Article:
Novelty and Scale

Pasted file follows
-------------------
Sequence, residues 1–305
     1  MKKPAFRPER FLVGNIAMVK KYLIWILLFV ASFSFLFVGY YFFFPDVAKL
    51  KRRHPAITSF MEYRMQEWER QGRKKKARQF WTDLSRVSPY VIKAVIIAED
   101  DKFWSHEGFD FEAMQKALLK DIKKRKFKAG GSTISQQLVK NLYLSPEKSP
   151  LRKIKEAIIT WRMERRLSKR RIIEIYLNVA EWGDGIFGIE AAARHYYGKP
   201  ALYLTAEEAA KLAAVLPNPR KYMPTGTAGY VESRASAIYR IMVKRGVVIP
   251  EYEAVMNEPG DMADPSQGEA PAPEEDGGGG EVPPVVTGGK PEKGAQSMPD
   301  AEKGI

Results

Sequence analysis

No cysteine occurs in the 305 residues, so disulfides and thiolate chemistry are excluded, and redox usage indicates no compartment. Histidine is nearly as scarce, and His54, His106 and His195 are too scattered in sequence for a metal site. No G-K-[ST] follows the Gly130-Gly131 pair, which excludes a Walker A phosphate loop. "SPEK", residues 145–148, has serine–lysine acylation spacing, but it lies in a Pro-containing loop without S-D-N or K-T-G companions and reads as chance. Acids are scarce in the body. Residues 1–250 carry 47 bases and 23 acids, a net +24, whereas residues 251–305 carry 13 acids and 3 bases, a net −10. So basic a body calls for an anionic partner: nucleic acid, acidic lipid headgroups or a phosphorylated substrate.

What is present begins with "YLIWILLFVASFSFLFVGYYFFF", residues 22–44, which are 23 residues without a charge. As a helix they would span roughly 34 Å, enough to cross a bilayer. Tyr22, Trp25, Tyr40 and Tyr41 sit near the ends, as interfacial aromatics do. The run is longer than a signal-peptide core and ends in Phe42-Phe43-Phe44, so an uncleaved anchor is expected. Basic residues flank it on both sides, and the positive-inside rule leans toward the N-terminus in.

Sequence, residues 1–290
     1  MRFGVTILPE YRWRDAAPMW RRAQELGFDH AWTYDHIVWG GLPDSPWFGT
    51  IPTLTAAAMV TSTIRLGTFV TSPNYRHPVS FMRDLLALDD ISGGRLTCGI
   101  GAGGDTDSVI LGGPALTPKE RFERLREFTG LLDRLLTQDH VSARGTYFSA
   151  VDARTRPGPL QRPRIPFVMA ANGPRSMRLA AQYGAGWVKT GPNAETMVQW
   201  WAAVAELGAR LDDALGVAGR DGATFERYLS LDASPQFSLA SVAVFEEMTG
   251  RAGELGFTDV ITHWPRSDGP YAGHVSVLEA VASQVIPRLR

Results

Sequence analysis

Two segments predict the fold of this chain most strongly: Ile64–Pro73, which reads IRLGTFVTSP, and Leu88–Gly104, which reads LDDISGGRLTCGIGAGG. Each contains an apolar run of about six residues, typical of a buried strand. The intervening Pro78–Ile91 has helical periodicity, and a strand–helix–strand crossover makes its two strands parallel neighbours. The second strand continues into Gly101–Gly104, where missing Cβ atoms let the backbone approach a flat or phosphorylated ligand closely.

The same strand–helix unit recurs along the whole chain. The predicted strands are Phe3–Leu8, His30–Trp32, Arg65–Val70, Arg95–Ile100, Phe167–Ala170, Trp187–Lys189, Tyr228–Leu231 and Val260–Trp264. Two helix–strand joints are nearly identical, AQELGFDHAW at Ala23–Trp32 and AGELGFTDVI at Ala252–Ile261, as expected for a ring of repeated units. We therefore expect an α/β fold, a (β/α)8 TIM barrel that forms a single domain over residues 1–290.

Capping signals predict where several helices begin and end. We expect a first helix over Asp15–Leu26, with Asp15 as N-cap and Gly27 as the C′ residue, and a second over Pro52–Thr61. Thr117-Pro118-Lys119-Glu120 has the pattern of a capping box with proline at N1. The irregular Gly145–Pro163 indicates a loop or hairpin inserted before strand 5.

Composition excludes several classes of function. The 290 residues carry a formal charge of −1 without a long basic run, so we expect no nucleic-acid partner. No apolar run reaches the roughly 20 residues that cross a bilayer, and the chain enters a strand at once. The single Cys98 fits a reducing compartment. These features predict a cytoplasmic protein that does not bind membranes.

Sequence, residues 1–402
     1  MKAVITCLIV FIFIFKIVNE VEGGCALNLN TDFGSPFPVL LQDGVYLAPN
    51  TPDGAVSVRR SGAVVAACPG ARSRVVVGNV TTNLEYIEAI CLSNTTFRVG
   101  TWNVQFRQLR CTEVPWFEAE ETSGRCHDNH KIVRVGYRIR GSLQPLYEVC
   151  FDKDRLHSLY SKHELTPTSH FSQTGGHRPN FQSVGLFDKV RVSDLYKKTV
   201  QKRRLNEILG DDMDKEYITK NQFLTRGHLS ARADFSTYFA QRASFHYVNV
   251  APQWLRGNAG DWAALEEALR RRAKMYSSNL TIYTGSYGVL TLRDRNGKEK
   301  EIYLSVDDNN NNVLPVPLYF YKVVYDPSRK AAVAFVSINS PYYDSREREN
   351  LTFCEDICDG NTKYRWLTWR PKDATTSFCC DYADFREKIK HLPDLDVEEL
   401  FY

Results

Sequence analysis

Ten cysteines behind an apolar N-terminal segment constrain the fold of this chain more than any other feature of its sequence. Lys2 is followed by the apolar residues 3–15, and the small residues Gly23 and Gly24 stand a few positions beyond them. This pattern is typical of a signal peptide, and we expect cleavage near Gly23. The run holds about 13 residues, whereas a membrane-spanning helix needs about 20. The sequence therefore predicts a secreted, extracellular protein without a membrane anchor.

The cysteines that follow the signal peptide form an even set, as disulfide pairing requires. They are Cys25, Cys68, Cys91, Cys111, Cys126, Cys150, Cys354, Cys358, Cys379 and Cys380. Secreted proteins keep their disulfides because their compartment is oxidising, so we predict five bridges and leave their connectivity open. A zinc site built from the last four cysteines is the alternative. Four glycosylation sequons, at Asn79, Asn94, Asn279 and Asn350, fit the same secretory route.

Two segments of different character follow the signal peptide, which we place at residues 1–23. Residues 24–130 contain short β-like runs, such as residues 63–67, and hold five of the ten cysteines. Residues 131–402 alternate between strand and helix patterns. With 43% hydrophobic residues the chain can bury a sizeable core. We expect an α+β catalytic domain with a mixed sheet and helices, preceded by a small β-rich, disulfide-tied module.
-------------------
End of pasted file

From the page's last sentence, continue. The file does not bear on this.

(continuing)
The history of epidemic encephalitis offers a profound challenge to any assumption that, in the early twentieth century, pathologies of the nervous system were somehow the exclusive province of a systematic body of specialized knowledge known as “neurology.” Admittedly, the condition only began to receive wide recognition once it had been dubbed “encephalitis lethargica,” a term which certainly sounds sufficiently neurological, as it describes a site (the encephalon, the brain), a pathological state (-itis, an affliction or inflammation), and a primary symptom (a profound lethargy). Its neurological pedigree might also be inferred from the fact that it was a neuroanatomist, Constantin von Economo (1876–1931), who, based upon his bedside and postmortem observations in a Viennese neuropsychiatric clinic, gave the condition its name in 1917. Economo's description of feverish and sleepy patients with unusual ocular palsies quickly spread. By the end of the following year, dozens of European and American medical practitioners, many of them claiming some expertise in nervous pathologies, had taken up Economo's term to describe this strange new disease. But the novelty, the epidemic character, and the protean nature of encephalitis lethargica quickly served to breach the boundaries of neurological expertise. Commentators debated whether the disease was truly new or whether it had simply been overlooked in the past. But all agreed its complex symptomatology made it extremely difficult to diagnose. In the absence of clear, standardized neurological or immunological signs (as could be found in cases of syphilis or meningitis), the only way to better understand the disease was to gather together more cases. But encephalitis lethargica's epidemiological profile was occult, at best. The causal organism was unknown, and it was unusual to find even two fresh cases in a single institution (never mind a household). Extending disease surveillance (then described as medical or epidemic “intelligence”) was therefore a priority. And the only way to accomplish that was to move beyond the little world of the neurologists (to adapt a phrase from Ludwik Fleck) and enroll a wider range of other practitioners and publics.